In U.S. Equal Employment Opportunity Commission v. Consol Energy, Inc., (4th Cir. June 12, 2017), a coal mine worker who was a practicing evangelical Christian, refused to use a hand scanner time clock because he believed that it would “mark” him with the sign of the Antichrist. The employee offered to verbally report his time in or out, or to use a conventional punch clock. The employer responded with a letter from the scanner manufacturer indicating that because the Bible only refers to the “Mark of the Beast” as associated only with the right hand or forehead, use of the left hand in the scanner should not be of concern. The employer told the employee to use his left hand for the scanner. In response, the employee resigned and filed an Equal Opportunity Employment Commission (EEOC) charge.

Notably, the employer was already accommodating two other employees who had hand injuries.  They were allowed to enter their employee identification numbers into a keypad – instead of using the scanner. The EEOC brought an enforcement action against the coal mine for failure to accommodate the employee’s religious beliefs in violation of Title VII and construction discharge.  At trial, the EEOC and employee won. The award was $150,000 in damages, plus $436,860 in front pay, back pay and lost benefits. The coal mine appealed the decision.

The coal mine argued that there was no conflict between the employee’s religious beliefs and the requirement that he use the hand scanner system, especially in light of the employee’s admission that even his pastor did not believe that use of the hand scanner would produce a physical mark.    However, the appellate court found it significant that the employee clearly laid out his religious objection to using the system overall and there was no dispute that his beliefs were sincere. The court reasoned that it is not the employer’s place to “question the correctness or even the plausibility of [the plaintiff’s] religious understandings,” and affirmed the lower court verdict and findings.

Bottom line:  This case serves as a reminder that an employer cannot escape the requirement to accommodate simply because it thinks that an employee’s religious belief is nonsensical or mistaken. If there is enough evidence to show that the employee sincerely holds a religious belief that contradicts job requirements, an employer should consider an accommodation.

EEOC Issues Guidance on Religious Accommodations for Religious Garb and Grooming Under Title VII

Contributed by Michael Wong

On March 6, the EEOC issued guidance on Title VII’s application to the issue of religious garb and grooming in the workplace. The guidance does not create any new obligations for employers. Rather, it illustrates the complex nature of accommodating religious beliefs and practices, and provides insight into how the EEOC views employers’ legal responsibilities with respect to religious garb and grooming under Title VII. It also indicates this will be an area of increased EEOC enforcement in coming years.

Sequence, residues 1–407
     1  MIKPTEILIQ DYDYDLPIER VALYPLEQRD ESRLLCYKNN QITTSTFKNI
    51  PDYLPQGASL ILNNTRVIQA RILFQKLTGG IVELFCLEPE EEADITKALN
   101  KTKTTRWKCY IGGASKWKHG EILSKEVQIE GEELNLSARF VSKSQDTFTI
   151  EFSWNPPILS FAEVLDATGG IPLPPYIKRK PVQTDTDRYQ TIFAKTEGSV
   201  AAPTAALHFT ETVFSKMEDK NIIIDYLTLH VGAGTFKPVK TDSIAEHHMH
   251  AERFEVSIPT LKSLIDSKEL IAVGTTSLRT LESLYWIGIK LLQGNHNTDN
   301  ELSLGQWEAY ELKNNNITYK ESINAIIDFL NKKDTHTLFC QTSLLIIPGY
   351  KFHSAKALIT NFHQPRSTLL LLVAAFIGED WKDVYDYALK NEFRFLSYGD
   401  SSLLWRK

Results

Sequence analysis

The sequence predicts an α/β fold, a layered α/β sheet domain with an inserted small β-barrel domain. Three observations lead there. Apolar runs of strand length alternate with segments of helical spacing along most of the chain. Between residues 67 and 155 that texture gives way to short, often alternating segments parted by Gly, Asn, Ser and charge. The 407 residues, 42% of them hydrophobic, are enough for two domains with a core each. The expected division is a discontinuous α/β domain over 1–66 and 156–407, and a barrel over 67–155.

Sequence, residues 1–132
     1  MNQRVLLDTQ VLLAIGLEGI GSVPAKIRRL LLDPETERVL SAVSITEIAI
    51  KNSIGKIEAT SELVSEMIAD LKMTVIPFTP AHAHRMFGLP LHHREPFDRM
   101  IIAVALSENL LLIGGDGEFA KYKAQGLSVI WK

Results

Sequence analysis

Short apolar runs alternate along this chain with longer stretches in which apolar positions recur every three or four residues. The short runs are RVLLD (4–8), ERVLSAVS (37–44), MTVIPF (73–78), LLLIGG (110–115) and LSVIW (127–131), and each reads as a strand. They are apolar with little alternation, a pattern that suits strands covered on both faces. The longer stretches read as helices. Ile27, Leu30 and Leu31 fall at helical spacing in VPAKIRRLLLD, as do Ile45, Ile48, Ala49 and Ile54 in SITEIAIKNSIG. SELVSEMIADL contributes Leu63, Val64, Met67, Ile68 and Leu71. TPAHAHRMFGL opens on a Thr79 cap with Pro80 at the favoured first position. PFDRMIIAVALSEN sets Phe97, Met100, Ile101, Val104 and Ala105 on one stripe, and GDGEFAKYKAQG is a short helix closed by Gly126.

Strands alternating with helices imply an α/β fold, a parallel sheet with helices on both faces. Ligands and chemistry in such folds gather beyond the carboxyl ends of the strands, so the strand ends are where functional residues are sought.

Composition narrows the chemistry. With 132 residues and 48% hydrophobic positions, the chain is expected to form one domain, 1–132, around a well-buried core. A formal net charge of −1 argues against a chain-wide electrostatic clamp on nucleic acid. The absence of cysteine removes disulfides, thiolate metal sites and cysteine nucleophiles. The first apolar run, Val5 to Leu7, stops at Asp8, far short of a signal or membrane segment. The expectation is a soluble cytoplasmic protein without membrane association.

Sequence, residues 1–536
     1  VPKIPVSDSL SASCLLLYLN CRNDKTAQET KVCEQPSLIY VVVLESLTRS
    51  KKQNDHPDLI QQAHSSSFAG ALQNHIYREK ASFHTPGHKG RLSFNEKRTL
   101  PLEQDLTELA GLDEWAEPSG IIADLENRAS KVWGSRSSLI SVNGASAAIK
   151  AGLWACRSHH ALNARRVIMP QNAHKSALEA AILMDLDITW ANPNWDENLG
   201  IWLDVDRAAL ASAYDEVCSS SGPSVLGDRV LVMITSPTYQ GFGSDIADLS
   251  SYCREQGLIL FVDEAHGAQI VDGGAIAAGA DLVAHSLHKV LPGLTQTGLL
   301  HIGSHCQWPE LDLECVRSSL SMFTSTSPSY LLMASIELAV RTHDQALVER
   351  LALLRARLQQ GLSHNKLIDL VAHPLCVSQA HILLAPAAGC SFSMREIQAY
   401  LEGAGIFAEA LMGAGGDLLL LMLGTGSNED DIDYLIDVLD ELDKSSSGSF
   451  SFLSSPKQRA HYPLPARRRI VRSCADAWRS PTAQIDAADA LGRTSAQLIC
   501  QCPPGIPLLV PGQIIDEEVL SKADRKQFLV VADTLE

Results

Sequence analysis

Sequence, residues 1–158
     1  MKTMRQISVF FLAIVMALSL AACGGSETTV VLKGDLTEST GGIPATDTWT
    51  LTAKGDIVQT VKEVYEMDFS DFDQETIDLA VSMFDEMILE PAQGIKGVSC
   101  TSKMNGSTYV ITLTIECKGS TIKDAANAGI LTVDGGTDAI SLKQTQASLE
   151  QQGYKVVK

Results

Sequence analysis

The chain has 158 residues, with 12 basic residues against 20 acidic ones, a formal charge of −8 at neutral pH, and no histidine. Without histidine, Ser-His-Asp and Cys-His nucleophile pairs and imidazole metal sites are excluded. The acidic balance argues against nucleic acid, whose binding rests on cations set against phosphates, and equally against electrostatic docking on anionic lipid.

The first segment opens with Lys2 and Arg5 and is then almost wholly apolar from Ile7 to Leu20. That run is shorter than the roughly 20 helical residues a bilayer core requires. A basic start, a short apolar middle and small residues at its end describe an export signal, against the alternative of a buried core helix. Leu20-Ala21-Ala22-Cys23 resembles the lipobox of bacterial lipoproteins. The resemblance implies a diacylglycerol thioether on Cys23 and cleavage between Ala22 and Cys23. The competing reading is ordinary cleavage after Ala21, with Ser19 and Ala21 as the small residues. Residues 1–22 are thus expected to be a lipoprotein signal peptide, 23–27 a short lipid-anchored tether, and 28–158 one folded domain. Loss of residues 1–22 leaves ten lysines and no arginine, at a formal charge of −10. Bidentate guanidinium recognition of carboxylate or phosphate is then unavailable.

Title VII protects all aspects of religious observance, practice, and belief. Title VII defines religion broadly to include not only traditional, organized religions, but also uncommon religious beliefs that are not part of a formal church or sect. Title VII’s protection extends to any practice motivated by religious belief, even if others engage in the same practice for purely secular reasons. That being said, Title VII only applies to religious beliefs that are “sincerely held.” While employers may legally question whether a religious belief is sincerely held, the EEOC’s guidance cautions that the sincerity of a religious belief is usually not in dispute in a claim of religious discrimination.

The guidance stresses that employers may not automatically refuse to accommodate an applicant or employee’s religious garb or grooming practice, even if it violates the employers’ dress code, uniform policy or expectations regarding appearance. Instead, an employer must allow the religious practice unless it can show that accommodating the practice places an undue hardship on its business operations. An undue hardship is something more than a de minimis cost or burden. Title VII also prevents employers from taking actions against employees based on the discriminatory religious preferences of others, including customers, clients or co-workers. For example, it is unlawful to re-assign an employee to a non-customer service position because of customer complaints about the employee’s religious garb.

In light of this guidance, employers should review their policies to make sure they clearly state a commitment to reasonably accommodate religious beliefs and prohibit discrimination and harassment based on religion. Additionally, employers should educate their management team on the proper procedures for responding to religious discrimination complaints and accommodation requests based on religion. Finally, if faced with a request for an accommodation based on a religious belief, employers should carefully evaluate whether the belief is sincerely held and whether providing an accommodation would impose an undue hardship.

Note that the EEOC guidance does not address any applicable state or local laws regarding religious discrimination or harassment. For example, the Illinois Human Rights Act also prohibits discrimination and harassment based on religion.  Employers should make sure that their policies are not only in line with Title VII, but any applicable state or local laws as well.